That allows a local precache to be created so that finger(1) can iterate over user info to find a matching record.

Then, restart the sssd service.

Useful links:


SSSD setup in a Bright Cluster

UPDATE 2015-05-28: Also, on the master node, the User Portal web application needs a setting in /etc/openldap/ldap.conf:

    TLS_REQCERT      never

At my current job, we use Bright Cluster Manager and Univa Grid Engine on RHEL 6.5. We were seeing issues where submitted jobs ended up in an "Error" state, especially if many jobs were submitted in a short period, either an array or a shell script loop running qsub iteratively. The error reason was:

    can't get password entry for user "juser". Either the user does not exist or NIS error!

However, logging into the assigned compute node and running "id" or even some C code to do user lookups passed.

By default, our installation used nslcd for LDAP lookups. Univa suggested switching to SSSD (System Security Services Daemon) as Red Hat had phased out nslcd. The Fedora site has a good overview.

The switch to using SSSD turned out to be fairly easy, with some hidden hiccups. Running authconfig-tui and keeping the existing settings, and then hitting "OK" immediately turned off nslcd and started up sssd, instead. All the attendant changes were made, too: chkconfig settings, /etc/nsswitch.conf. However, I found that users could not change passwords on the login nodes. They could login, but the passwd command failed with "system offline".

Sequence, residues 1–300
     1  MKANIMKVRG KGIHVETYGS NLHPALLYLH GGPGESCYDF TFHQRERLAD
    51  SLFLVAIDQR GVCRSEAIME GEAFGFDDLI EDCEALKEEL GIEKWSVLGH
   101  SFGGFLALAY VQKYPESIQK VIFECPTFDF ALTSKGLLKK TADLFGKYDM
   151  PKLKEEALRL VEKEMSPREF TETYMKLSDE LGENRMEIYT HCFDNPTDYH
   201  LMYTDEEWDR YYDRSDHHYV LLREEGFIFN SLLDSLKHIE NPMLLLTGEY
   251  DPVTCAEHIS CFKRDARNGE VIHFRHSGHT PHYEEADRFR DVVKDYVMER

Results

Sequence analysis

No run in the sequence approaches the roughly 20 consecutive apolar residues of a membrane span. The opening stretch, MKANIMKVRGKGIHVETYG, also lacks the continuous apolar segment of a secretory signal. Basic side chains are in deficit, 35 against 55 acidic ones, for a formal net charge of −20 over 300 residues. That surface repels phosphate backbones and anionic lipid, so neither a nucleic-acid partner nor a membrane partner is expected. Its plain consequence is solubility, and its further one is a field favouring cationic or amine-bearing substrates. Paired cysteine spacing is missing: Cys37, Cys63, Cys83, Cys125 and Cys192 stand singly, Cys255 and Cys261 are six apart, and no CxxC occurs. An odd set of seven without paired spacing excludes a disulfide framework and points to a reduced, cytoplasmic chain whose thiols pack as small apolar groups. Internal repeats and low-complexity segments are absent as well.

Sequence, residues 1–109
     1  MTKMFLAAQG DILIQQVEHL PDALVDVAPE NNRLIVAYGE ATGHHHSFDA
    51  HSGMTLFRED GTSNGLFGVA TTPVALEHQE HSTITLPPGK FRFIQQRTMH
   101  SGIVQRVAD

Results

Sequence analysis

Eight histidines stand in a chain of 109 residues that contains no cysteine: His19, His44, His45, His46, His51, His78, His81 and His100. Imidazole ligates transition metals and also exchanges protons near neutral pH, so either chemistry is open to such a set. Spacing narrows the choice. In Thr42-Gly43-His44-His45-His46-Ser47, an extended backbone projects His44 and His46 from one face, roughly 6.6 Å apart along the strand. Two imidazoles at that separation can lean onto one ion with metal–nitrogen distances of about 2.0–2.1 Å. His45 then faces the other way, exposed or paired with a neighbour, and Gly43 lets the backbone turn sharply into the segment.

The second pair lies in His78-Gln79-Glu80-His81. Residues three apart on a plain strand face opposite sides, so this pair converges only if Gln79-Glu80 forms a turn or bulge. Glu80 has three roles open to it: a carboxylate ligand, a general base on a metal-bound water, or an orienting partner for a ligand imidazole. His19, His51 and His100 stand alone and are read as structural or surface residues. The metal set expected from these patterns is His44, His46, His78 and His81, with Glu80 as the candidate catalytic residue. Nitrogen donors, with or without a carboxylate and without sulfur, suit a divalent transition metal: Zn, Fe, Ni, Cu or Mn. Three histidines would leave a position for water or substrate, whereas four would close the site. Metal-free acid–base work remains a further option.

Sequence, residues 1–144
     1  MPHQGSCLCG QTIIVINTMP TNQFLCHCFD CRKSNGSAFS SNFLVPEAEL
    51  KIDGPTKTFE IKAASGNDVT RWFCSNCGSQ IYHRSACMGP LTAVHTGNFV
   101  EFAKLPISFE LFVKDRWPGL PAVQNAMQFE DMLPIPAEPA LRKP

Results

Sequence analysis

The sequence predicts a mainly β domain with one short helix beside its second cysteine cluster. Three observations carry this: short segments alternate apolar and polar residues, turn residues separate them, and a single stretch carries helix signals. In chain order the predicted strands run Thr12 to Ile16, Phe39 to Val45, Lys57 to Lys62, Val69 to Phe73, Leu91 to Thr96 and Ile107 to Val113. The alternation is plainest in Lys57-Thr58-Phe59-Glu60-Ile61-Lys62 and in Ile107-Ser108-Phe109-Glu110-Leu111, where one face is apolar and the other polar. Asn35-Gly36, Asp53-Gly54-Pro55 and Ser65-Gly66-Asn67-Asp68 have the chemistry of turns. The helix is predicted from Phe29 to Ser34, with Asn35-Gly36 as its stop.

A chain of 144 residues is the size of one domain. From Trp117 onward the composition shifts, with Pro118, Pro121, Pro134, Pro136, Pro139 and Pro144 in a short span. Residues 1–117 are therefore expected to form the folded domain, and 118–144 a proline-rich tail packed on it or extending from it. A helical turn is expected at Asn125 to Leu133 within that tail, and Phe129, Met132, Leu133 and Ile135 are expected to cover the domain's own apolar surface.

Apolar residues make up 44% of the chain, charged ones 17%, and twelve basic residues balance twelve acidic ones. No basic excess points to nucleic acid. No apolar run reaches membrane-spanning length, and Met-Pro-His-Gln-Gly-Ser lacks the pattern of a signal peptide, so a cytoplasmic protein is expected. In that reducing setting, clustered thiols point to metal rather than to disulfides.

Turns out, SSSD requires an encrypted connection to the LDAP server for password changes. This is a security requirement so that the new password is not sent in the clear from the client node to the LDAP server. (See this forum post by sgallagh.) This means an SSL certificate needs to be created. Self-signed will work if the following line is added to /etc/sssd/sssd.conf:

     ldap_tls_reqcert = never

To create the self-signed cert:
     root # cd /etc/pki/tls/certs
     certs # make slapd.pem
     certs # chown ldap:ldap slapd.pem

Then, edit /cm/local/apps/openldap/etc/slapd.conf to add the following lines:
    TLSCACertificateFile /etc/pki/tls/certs/ca-bundle.crt
    TLSCertificateFile /etc/pki/tls/certs/slapd.pem
    TLSCertificateKeyFile /etc/pki/tls/certs/slapd.pem

Also, make sure there is a section - my config did not have access to shadowLastChange:
    access to attrs=loginShell,shadowLastChange
        by group.exact="cn=rogroup,dc=cm,dc=cluster" read
        by self write
        by * read

Then, restart the ldap service.

UPDATE Adding some links to official Red Hat documentation: